The internet is like one giant digital buffet line. You control what your newsfeed feeds you. You can pick and choose depending on your momentary desires. Other than advertisements here and there, nothing is digitally forced upon you. You see what you choose to see.
The same can be said about our digital mentors. If you use the internet as your primary source of spiritual input—as your primary source for sermons and teaching—you’re submitting to authorities of your own choice. You don’t have to listen to anyone you don’t want to listen to. But only listening to authorities you’ve appointed yourself is dangerous to your soul. If you find yourself giving into this danger, here’s some counsel to follow.
1. Stop avoiding the challenge of the church.
When a podcast sermon starts to make you feel uneasy, you can stop it and tune into something else. If the online Bible study is too challenging, you can simply click away to a different one you’re more capable of digesting.
When you have complete control over the impersonal “mentors” who teach through a screen, those mentors aren’t truly mentors at all. If you’re only choosing voices you want to hear and neglecting more uncomfortable, challenging, and even painful instruction, you’ve constructed a Frankenstein-like conglomerate of spiritual input that merely suits your desires and caters to your perceived needs.
Our power to choose isn’t all bad. There’s a lot of rotten theology and false teaching out there to ignore. But if I’m the only one in charge of my spiritual input, and I’m not committed to a real-life church community, my Christian life will become little more than a hobby I engage with when I’m comfortable doing so.
But if I’m regularly attending a faithful Bible-teaching church, I’ll hear sermons I didn’t choose to hear. I’ll sing songs I didn’t pick. And I’ll be stretched in ways that would never happen if I were feeding my soul on my own. Churches hold us accountable to attend, give, engage, and lead. In our churches, we must submit to authority. All these things can be uncomfortable because of our sinful nature, but they’re also necessary for our growth.
2. Recognize the limits of your perspective.
God has given pastors, biblical counselors, and teachers to lead, speak, advise, and direct others in Christ’s body. But if we put ourselves in the place of authority over our own spiritual lives, we make ourselves the ones who have authority to direct, control, and lead.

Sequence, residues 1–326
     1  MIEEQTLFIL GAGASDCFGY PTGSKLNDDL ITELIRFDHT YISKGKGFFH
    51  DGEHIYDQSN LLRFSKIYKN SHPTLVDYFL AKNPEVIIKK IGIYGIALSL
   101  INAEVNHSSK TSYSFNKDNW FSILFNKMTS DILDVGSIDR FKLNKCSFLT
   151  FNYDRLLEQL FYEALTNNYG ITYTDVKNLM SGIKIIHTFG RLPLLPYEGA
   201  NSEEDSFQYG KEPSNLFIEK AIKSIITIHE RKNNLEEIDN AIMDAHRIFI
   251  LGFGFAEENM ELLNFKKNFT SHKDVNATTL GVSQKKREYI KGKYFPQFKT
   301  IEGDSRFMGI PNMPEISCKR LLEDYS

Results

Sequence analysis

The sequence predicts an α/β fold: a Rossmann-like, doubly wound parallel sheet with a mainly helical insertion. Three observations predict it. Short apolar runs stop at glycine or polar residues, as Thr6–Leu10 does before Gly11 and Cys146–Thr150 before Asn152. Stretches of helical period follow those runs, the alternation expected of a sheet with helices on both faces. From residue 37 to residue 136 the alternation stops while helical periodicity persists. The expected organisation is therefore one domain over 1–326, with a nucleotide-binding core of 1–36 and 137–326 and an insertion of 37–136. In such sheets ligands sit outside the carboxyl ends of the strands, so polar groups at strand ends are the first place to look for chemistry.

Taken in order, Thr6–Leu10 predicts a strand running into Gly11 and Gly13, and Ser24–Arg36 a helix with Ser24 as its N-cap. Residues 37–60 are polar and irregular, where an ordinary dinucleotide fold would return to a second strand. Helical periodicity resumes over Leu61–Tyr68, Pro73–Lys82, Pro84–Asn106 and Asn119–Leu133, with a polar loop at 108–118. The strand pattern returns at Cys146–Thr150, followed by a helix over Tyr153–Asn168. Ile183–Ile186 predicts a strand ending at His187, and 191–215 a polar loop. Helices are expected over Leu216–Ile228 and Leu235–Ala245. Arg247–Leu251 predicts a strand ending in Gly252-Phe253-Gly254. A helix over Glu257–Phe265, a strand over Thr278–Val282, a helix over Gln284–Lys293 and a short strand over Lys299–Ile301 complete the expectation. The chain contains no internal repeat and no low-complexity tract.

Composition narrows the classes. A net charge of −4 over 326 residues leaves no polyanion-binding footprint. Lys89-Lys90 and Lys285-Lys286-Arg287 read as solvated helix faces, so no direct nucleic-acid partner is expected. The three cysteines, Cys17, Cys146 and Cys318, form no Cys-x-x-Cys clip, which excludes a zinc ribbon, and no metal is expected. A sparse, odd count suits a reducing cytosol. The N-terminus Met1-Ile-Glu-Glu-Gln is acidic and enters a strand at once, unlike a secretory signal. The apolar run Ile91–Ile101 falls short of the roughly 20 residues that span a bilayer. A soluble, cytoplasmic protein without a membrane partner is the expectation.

In an individualistic culture, self-directed spirituality may sound ideal, but we must all come to grips with the countercultural reality that the Christian life is not about us. It’s about Jesus, not complete independence to do whatever I want. When I have total control over my Google-search church, it gives me an autonomy I may desire but was never designed to handle.
When I have total control over my Google-search church, it gives me an autonomy I may desire but was never designed to handle.
As sinful human beings, we aren’t at all equipped for spiritual self-determination.
We must recognize that we have a limited ability to understand what’s good for us. If I let my two young daughters go wherever and do whatever they want, they’d be tempted to eat candy for every meal, run into the middle of traffic, and swallow poisonous berries simply because they’re shiny and red. If mature adults didn’t get involved, they’d be doomed.
As spiritual children, we need to follow the will of our Father who knows best. We need a God who is big enough to disagree with us. We need a God who knows that independence is a death sentence for humanity.
3. Pursue loving pastoral authority.
I’m often tempted to pick my digital mentors and listen to whomever I want, whenever I want. But I need differing perspectives in my life, to listen and interact with people who bump up against my sometimes-rigid ways of looking at things, people who provide the refining friction necessary to sand off my rough edges and help me grow, learn, and become wiser.
I need differing perspectives in my life—people who provide the refining friction necessary to sand off my rough edges and help me grow, learn, and become wiser.
When I’m with people who have opposing viewpoints, I’m reminded I must be quick to hear, slow to speak, and slow to anger (James 1:19). This lesson is never more real to me than when I’m interacting with my pastors. Those men have lovingly challenged me to walk closer with Jesus and give my life for the sake of the gospel until it hurts. We all need pastoral authorities who love us enough to challenge us and raise the bar.
4. Pursue humility and maturity.
Mature believers invite corrections from others and welcome feedback because they’re wise enough to know they don’t have it all together. They understand the wisdom of Solomon: “Whoever heeds instruction is on the path to life, but he who rejects reproof leads others astray” (Prov. 10:17). Mature believers are humble enough to know an assessment from others can make them stronger, wiser, and godlier. They aren’t threatened or insecure when scrutiny comes. Why? Because they’ve turned their critics into coaches.
This is the kind of humility and maturity I want to pursue in my local church. To do so, I must recognize that pride is a thief of maturity. It justifies sinful behavior and inhibits deep-rooted growth. When someone neglects the authority God has placed in his life, he pridefully rejects an opportunity for God to work. He stiffens his neck, only to have it broken (Prov. 29:1).
I don’t want to reject the loving instruction from the real-world authorities God has given me, because if I do and I’m left to my own reign and rule, I’ll stunt my growth, spiritually plateau, and eventually tank. God opposes the proud but gives grace to the humble, so we must submit ourselves to his loving correction in the context of biblical guidance from in-person believers.